Skip to main content
COLLECTION Identifier: MC 238

Records of the Berkeley Street School Association, 1862-1967


Constitution and bylaws, minutes, financial reports, etc., of the Berkeley Street School Association, alumnae association of a private girls school in Cambridge, Mass.


  • 1862-1967

Language of Materials

Materials in English.

Access Restrictions:

Access. Collection is open for research.

Conditions Governing Use

Copyright. Copyright in the records created by the Berkeley Street School Association as well as copyright in other papers in the collection may be held by their authors, or the authors' heirs or assigns.

Copying. Records may be copied in accordance with the library's usual procedures.


.42 linear feet ((1 file box) plus 17 photograph folders)

This collection contains lists of pupils and their dates of attendance [see also Berkeley Street School records, B/B512]; course and tuition announcements; minutes of the Berkeley Street School Association, including biographical information on alumnae, speeches, correspondence, and financial information; notes and articles on the history of the school, the Berkeley Street School Association, and the Margaret Rae Ingols Scholarship (established at Radcliffe College by friends and former students after Miss Ingols' death in 1904); Constitution and By-laws of Berkeley Street School Association; list of officers; correspondence and financial reports re Ingols Scholarship and list of recipients, 1910-1965; reminiscences of Berkeley Street School; photographs; and newsclippings.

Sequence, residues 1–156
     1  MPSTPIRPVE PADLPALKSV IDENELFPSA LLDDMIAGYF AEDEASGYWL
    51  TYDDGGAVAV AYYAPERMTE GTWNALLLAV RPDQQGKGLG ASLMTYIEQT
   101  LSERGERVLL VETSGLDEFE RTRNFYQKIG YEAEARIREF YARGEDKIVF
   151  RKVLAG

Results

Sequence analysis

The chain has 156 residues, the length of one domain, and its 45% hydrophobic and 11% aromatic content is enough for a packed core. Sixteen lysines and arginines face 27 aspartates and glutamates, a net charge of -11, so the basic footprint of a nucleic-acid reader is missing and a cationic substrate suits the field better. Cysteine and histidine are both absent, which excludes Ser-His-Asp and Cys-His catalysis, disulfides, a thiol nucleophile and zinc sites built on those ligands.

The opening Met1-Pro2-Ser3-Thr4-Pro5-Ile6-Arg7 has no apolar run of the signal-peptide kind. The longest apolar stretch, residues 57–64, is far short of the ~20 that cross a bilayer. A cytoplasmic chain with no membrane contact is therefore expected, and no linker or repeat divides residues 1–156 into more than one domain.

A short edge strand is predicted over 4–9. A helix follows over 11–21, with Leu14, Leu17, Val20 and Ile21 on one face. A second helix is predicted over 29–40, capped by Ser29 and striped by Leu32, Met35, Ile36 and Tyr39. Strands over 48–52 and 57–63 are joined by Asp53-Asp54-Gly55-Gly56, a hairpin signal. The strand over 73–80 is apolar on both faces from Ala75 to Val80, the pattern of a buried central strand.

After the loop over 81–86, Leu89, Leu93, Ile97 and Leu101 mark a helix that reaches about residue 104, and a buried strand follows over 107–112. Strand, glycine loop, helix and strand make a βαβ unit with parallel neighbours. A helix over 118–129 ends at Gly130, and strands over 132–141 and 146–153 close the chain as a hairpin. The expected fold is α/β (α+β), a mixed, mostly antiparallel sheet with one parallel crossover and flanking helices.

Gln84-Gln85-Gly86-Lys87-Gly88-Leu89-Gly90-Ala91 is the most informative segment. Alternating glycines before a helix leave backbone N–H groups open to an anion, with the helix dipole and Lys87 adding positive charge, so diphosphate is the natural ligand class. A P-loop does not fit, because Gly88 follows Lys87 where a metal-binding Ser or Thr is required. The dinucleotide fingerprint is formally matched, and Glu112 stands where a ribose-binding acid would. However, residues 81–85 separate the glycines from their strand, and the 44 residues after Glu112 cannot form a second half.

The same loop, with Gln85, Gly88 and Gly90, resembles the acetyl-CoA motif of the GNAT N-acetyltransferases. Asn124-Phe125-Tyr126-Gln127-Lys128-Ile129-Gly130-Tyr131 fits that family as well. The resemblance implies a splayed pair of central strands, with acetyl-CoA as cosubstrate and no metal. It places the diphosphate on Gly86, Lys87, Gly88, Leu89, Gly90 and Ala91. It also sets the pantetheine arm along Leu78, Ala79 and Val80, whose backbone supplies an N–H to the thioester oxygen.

The Berkeley Street School Association was formed in 1912, shortly before the Berkeley Street School (Cambridge, Massachusetts) merged with the Cambridge School for Girls. Ethel Quincy Bumstead and Bertha M. Howland organized the alumnae, and the first meeting was held on February 24, 1912. The group adopted a constitution, elected officers and an advisory board, and agreed to meet in June to celebrate the 50th anniversary of the school. The purpose of the Berkeley Street School Association was "to promote social intercourse among its members, to promote the interests of the Berkeley Street School, and to further education." Membership consisted of alumnae, with former teachers as Honorary Associates. The group met each year in June. In 1961 the Berkeley Street School Association voted to disband after their 50th anniversary.

Lyman Richards Williston had founded the private girls' school in 1862, shortly before the closing of the school run by Louis and Elizabeth Agassiz. During its fifty years, the school had only four principals: Williston (1862-1870), Justin Edwards Gale (1870-1880), Margaret Rae Ingols (1880-1904), and Constance Bigelow Williston (1904-1912). The school's name changed with the principals (e.g., Miss Ingols' School), but it became known as the Berkeley Street School because of its location. Students ranged in age from eight to nineteen.

Physical Location

Collection stored off site: researchers must request access 36 hours before use.

Immediate Source of Acquisition

Accession number: 73-9

The papers of the Berkeley Street School Association were deposited in the Schlesinger Library by Amy B. Townsend in January 1973.

This collection was processed under a grant from the National Historical Publications and Records Commission.

Processing Information

Processed: January 1977

By: Katherine Kraft

Berkeley Street School Association. Records of the Berkeley Street School Association, 1862-1967: A Finding Aid
Arthur and Elizabeth Schlesinger Library on the History of Women in America
Language of description

Repository Details

Part of the Schlesinger Library, Radcliffe Institute Repository

The preeminent research library on the history of women in the United States, the Schlesinger Library documents women's lives from the past and present for the future. In addition to its traditional strengths in the history of feminisms, women’s health, and women’s activism, the Schlesinger collections document the intersectional workings of race and ethnicity, gender, sexuality, and class in American history.

3 James St.
Cambridge MA 02138 USA